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Old 07-15-2008
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Concur with the stern anchoring. That will probably settle you right down although it is kinda wierd. Otherwise you need an effective riding sail and the boat needs to be trimmed by the bow.
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Old 07-15-2008
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Also, if you have a roller furler for the headsail, try to get a nice tight wrap (don't, as some people do, leave a little "storm jib" deployed).

It sounds like a riding sail would be a worthwhile experiment. We had one on our previous boat and it was highly effective. You could make a cheap prototype before committing to making one from dacron.
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BTW, I'd second what JRP said. If you have a roller furling headsail, you really need to get a tight wrap and get a couple of wraps of the sheets around the sail, rather than leaving a tiny bit of the jib deployed... since that will help prevent the sail from self-destructing in a storm.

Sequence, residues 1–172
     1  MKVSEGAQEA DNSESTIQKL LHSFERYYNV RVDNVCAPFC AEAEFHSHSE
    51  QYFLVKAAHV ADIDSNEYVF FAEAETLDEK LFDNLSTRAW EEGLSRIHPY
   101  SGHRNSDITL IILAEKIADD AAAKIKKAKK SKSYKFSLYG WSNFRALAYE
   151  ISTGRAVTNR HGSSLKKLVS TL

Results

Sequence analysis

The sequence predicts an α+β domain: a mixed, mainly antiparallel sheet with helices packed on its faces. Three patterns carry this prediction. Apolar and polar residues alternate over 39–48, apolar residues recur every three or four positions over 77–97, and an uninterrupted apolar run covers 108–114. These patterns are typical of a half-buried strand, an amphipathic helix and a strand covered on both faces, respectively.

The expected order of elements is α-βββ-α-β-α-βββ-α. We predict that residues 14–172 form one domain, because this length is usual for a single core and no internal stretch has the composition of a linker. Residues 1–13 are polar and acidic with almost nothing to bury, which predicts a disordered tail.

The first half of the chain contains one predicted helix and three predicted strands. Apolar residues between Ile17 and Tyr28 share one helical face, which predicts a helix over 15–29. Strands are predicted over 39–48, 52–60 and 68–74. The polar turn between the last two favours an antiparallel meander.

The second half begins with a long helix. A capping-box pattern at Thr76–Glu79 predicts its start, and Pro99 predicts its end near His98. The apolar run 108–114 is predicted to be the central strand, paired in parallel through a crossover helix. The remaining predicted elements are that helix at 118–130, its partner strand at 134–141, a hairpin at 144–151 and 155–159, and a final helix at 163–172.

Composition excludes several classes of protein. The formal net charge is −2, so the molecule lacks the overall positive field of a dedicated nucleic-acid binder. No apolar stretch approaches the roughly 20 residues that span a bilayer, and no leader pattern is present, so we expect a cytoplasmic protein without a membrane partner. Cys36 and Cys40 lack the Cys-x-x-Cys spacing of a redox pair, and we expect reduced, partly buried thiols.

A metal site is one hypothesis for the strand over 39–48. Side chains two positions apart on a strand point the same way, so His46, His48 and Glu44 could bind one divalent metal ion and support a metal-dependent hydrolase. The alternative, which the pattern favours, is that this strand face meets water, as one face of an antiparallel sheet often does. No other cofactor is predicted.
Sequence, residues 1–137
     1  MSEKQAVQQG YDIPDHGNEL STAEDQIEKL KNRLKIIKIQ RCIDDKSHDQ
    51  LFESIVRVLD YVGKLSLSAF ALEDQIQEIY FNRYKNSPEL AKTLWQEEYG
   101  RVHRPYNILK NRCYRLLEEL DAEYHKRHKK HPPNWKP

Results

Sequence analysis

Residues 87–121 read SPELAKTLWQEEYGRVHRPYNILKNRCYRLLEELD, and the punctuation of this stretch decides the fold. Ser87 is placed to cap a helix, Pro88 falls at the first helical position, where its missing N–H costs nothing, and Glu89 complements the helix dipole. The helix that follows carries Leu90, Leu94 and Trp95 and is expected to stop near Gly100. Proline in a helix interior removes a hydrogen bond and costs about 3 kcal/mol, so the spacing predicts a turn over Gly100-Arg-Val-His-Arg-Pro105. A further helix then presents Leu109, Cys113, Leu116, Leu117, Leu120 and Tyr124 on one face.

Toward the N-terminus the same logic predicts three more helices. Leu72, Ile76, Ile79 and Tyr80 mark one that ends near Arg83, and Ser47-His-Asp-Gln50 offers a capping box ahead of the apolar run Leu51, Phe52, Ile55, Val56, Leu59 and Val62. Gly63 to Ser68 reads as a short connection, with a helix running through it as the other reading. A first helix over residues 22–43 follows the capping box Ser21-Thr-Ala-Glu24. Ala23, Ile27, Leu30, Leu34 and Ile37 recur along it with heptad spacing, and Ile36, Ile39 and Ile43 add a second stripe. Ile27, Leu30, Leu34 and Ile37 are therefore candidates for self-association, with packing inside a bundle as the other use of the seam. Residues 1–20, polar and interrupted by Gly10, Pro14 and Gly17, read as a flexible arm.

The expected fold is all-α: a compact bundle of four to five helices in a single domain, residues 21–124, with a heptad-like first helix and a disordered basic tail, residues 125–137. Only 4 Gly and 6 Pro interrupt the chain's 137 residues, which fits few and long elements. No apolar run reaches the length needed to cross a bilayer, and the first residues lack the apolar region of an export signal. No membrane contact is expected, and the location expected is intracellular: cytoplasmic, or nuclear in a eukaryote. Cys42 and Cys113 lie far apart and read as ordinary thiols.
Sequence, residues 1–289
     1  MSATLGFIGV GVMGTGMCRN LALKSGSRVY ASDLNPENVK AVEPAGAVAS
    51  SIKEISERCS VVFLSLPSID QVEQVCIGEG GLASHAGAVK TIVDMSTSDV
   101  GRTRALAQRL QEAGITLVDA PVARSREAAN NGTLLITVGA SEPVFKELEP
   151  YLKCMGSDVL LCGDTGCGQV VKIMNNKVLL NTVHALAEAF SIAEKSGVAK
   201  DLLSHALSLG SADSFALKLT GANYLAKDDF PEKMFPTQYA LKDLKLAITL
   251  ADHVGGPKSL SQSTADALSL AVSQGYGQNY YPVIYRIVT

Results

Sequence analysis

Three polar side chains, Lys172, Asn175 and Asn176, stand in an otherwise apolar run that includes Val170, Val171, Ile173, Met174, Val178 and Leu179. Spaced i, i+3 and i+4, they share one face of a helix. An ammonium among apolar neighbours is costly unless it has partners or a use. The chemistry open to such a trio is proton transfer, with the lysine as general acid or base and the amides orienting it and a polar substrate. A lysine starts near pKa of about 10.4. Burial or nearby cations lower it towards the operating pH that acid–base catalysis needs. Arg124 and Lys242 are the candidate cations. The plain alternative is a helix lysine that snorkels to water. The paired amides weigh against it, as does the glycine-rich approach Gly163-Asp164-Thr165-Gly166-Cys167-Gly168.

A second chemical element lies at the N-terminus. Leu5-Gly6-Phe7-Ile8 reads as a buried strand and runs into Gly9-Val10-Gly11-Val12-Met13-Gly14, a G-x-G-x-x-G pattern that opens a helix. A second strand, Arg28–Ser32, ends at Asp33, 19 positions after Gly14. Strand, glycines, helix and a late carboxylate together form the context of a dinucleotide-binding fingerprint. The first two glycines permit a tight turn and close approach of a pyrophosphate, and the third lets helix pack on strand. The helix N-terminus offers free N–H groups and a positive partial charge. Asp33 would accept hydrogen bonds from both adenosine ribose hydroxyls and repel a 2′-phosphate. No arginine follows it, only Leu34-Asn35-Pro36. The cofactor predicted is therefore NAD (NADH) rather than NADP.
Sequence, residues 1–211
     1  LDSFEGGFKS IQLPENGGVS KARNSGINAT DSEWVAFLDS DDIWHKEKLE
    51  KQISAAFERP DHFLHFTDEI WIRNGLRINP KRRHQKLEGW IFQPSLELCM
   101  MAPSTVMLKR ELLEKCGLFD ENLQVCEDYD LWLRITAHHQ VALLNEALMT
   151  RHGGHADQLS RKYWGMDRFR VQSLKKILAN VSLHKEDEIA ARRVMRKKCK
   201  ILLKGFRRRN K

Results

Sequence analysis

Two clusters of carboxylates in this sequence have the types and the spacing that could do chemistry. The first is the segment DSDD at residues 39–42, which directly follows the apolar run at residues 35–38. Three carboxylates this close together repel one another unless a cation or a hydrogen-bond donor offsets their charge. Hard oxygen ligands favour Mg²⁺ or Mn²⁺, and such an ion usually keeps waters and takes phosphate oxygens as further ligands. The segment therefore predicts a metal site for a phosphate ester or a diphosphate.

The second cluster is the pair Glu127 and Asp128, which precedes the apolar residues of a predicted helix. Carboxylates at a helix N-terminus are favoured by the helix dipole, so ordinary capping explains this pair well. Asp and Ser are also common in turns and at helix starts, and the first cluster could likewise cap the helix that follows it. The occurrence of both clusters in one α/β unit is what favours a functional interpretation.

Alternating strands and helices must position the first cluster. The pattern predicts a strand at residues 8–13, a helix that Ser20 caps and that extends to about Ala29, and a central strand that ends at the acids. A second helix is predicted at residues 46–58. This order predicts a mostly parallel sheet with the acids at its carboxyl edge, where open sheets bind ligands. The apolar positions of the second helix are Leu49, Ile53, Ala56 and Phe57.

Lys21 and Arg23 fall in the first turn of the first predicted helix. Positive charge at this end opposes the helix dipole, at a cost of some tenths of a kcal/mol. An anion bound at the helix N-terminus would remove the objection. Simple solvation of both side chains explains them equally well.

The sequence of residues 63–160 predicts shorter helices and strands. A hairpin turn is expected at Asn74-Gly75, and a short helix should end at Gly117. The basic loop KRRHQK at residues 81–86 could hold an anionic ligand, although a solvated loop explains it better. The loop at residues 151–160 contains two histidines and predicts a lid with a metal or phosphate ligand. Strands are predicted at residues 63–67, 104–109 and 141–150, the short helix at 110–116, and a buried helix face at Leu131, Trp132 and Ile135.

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Old 07-15-2008
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Your boat is 180 degrees from the direction of all the other boats, but is it pulling on the anchor rode in the same or in the opposite direction? In other words, does the rode lead from your bow down under your backwards boat, or does it lead off away from your bow? It sounds to me like it could be a problem of the relative position of your windage versus your underwater profile (center of effort with all sails furled vs. center of lateral resistance). In other words, you boat would be happier riding to an anchor cleated off on the stern rather than the bow. The riding sail should help, as should doing whatever you can to reduce your windage forward of the keel (take jib down instead of rolling it up, or at least make sure it gets rolled up good and tight, etc...)